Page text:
Disowning “On Your Own Time”

In order to create lasting change in a learning community, you might have to unlearn what you’ve been taught. Traditional practices might not be as constructive or even straightforward as they could be with a new perspective.

When asked how she created a school culture that enabled teachers to collaborate and support each other, Principal Leveillee gave us the rundown on her way of reinventing the seven-hour school day:

“One of the first things I did was totally recreate the schedule. I wanted to make sure that every teacher was free for 90 minutes, at least once a week, to collaborate, to plan, to talk, to kid-talk, to brainstorm, to score papers, to edit.”

With this new schedule, educators are able to complete important professional development on contract time, rather than putting in unpaid hours that decrease their job satisfaction as well as their return on emotional investment. Meanwhile, the students have 90 minutes each week to practice new hobbies and skills, including Pokemon Masters, drumming, coding, kindness club, calligraphy, cheerleading, and chess. “The nice thing is that kids aren’t just on busy work and people aren’t just babysitting while the teachers are collaborating.”

In my heart, we’ve got to do what’s right for kids and for staff. That’s the way I’ll always be.

— Principal Carol Leveillee, Frederick Douglass Elementary School

Teachers also use this time to share what they’ve learned at recent conferences. “It just has to be that way because no one person can do it all.”



Tools for Success

Through patient coaching and innovative thinking, Principal Leveillee has implemented changes that demonstrate care for every member of the community. The general perception of technology is that it cannot do the same. Despite that, she has fit it into the mold.

Every student at Frederick Douglass has a Chromebook that allows them to do research, create projects, and design artwork. Much like a differentiated assignment, the Chromebooks allow Fred students to complete work that reflects who they are just as much as it demonstrates what they’ve learned.

While the Chromebooks foster independence, Principal Leveillee employs other technology to bring the community together. “We start every day here with live-stream morning announcements, and it’s not just the pledge and the menu. I go on and talk to the kids about kindness or caring, or I’ll take kids on with me and they’ll share a goal that they’re working on.” Voicing their goals in front of their peers might just get students closer to reaching them.

With technology, Principal Leveillee has also reduced printing costs and saved time at the start of a new school year. Meeting notes and other important information is stored and easily accessible on Google Drive. Gone are the days when she and her secretary would assemble two-inch binders for each staff member at the beginning of the year. “Now I can spend that time looking for training camps or other things that teachers don’t know about.”

“[Principal Leveillee] has brought so many ideas to our school through book studies and motivational speakers. Most recently she took a few staff members to a “Get Your Teach On” conference where staff brought back numerous ideas. Now she is allowing us to share and implement new engagement strategies school-wide. She also has inspired us to build those meaningful relationships with each other and our students and I believe that has helped us turn our school around.”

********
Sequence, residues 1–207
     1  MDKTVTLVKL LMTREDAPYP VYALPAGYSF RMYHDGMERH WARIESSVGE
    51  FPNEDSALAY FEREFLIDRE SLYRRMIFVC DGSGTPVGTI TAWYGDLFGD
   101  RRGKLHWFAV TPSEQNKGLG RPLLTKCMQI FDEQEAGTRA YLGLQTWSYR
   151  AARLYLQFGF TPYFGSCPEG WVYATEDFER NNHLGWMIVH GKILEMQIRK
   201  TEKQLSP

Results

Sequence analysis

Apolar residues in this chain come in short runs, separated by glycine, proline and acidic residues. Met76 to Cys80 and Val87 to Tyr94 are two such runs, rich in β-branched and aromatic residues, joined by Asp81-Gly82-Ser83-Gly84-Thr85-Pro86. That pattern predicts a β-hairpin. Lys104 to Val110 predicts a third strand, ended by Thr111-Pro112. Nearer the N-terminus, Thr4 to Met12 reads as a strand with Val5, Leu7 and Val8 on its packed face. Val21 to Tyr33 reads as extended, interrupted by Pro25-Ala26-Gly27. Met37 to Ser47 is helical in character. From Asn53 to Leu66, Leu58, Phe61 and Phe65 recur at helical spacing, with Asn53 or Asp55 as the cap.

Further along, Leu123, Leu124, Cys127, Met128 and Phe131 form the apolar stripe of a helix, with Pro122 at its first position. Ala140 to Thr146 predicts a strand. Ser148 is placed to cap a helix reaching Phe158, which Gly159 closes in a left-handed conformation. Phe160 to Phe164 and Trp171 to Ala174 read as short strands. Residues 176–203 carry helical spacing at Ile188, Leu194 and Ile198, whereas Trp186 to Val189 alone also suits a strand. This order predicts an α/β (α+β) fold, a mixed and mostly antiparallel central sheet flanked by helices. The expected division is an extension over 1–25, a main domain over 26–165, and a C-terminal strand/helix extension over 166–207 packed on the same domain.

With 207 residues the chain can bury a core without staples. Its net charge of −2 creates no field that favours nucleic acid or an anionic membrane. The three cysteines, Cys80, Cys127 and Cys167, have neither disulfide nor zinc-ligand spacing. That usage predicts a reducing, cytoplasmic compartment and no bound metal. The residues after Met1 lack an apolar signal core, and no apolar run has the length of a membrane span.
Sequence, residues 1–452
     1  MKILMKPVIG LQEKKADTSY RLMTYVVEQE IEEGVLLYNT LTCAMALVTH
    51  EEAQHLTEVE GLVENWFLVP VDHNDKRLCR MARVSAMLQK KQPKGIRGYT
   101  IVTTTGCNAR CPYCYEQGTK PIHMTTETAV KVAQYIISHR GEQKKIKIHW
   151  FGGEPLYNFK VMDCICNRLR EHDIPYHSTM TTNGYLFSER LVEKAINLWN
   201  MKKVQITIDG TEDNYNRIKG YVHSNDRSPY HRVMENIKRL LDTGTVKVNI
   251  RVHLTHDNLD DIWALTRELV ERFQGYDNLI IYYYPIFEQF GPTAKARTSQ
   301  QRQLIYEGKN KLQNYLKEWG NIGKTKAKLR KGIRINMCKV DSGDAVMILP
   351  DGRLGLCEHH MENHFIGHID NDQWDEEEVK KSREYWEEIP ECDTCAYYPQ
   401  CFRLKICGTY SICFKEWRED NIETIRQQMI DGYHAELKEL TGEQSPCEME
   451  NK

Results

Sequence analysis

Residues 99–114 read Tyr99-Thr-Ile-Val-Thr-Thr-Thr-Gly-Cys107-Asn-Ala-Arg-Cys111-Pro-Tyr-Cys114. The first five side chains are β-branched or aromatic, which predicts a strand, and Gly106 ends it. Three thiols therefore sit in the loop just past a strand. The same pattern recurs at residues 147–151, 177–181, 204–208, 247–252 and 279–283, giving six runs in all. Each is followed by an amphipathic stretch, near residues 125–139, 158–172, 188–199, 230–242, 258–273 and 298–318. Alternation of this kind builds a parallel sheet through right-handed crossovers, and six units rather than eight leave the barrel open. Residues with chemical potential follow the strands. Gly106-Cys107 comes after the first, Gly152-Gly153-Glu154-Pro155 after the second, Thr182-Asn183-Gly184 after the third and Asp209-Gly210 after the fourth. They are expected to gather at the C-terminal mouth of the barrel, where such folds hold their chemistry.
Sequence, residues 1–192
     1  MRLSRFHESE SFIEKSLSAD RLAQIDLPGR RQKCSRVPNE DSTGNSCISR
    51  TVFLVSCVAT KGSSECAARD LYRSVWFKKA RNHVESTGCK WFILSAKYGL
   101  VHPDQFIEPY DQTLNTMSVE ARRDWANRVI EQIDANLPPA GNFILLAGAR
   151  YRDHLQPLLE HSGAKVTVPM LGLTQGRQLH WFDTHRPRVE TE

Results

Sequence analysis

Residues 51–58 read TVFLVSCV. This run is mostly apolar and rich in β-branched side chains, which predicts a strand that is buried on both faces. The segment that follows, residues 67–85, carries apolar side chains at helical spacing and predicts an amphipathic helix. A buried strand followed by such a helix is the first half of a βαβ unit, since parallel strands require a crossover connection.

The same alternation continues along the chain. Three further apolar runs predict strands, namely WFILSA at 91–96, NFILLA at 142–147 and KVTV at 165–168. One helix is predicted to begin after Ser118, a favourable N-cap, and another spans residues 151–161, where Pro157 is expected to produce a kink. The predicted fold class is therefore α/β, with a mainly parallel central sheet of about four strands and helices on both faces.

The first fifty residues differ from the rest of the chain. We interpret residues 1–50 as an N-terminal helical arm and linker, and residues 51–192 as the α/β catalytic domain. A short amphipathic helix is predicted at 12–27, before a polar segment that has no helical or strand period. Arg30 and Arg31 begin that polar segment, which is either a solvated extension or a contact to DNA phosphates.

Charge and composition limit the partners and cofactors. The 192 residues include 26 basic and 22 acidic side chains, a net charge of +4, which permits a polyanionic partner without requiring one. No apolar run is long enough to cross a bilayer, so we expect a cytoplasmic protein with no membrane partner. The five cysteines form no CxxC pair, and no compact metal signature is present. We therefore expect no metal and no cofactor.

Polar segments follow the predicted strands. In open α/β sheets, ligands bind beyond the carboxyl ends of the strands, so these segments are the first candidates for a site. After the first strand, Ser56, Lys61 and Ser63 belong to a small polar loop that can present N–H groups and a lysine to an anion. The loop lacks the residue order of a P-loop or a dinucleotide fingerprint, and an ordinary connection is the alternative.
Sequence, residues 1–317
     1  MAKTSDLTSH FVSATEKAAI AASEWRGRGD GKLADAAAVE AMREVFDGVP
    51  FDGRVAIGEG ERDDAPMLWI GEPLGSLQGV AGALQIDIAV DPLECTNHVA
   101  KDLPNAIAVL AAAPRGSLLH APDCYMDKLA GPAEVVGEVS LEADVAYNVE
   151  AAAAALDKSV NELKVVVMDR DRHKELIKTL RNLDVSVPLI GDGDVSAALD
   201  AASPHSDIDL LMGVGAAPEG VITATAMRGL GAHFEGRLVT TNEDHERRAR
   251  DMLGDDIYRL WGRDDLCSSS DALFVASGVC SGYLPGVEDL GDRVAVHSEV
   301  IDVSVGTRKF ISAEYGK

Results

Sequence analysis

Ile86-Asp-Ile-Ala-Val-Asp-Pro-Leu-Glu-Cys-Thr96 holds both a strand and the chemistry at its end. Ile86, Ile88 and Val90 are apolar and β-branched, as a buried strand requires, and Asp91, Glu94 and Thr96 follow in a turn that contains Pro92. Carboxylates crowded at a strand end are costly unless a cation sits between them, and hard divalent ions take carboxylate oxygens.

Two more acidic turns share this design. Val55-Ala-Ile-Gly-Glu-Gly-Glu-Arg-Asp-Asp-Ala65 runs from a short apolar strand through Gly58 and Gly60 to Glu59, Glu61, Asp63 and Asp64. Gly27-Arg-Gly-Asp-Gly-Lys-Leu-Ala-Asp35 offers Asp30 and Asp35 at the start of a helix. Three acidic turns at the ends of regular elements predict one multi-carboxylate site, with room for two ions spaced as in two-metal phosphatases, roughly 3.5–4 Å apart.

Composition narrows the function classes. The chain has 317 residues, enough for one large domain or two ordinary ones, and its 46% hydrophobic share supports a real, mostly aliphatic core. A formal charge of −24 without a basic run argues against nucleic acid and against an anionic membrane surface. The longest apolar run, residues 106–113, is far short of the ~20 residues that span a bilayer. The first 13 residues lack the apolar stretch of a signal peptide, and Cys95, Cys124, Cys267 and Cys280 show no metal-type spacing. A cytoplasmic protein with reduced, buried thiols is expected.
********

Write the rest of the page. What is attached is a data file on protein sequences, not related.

–Jacqueline Allman, teacher at Frederick Douglass Elementary School

It wasn’t long ago that parents were concerned about sending their kids to Frederick Douglass Elementary. In less than four years under Principal Leveillee’s leadership, Fred has improved its academic performance as well as its reception by the surrounding community. Regardless of what a formal evaluation would say, Fred exceeds expectations by offering kids a chance to explore new interests, and by showing teachers that their time and contributions are valued.

While she laments the fact that she didn’t start a blog on her first day to help other principals, Principal Leveillee offers this advice to administrators that may be taking charge at a school like Fred. “Have a 3-5 year plan: don’t expect change to happen overnight.” With hindsight, she notes that her own ambitious plans at the start of the new jobs were a little unrealistic.

Leveillee also advises new administrators to surround themselves with strong people—which could mean rearranging the people you have into positions that suit their strengths. “If you were to look at my roster from July 2015 and compare it to my roster today, there’s a lot of people that have been counseled to a different job. It’s what our kids expect us to do as principals.”

As quickly as things change, there are plenty of community staples that stay the same. Principal Leveillee tends to leave the door of her office open so that a particular first grader can get their daily hug.

Recap: What Makes a Star School Leader?

Great school leaders empower their teachers. What teachers do is one of the most difficult, and often thankless jobs. And while we all agree that teachers are the true heroes of every school system, it takes a special kind of leader to enable their teachers with the right support to focus on the important things. Like teaching.

The Star School Leader rubric stands on three pillars, hanging from one common theme:

  1.  Empowering others by setting a positive attitude, culture, and environment.
  2.  Empowering others with the right use of technology as a means and not an end.
  3.  Empowering others through supportive coaching and access to professional development.

To read about the rest of the Star School Leaders, visit our recipient announcement page.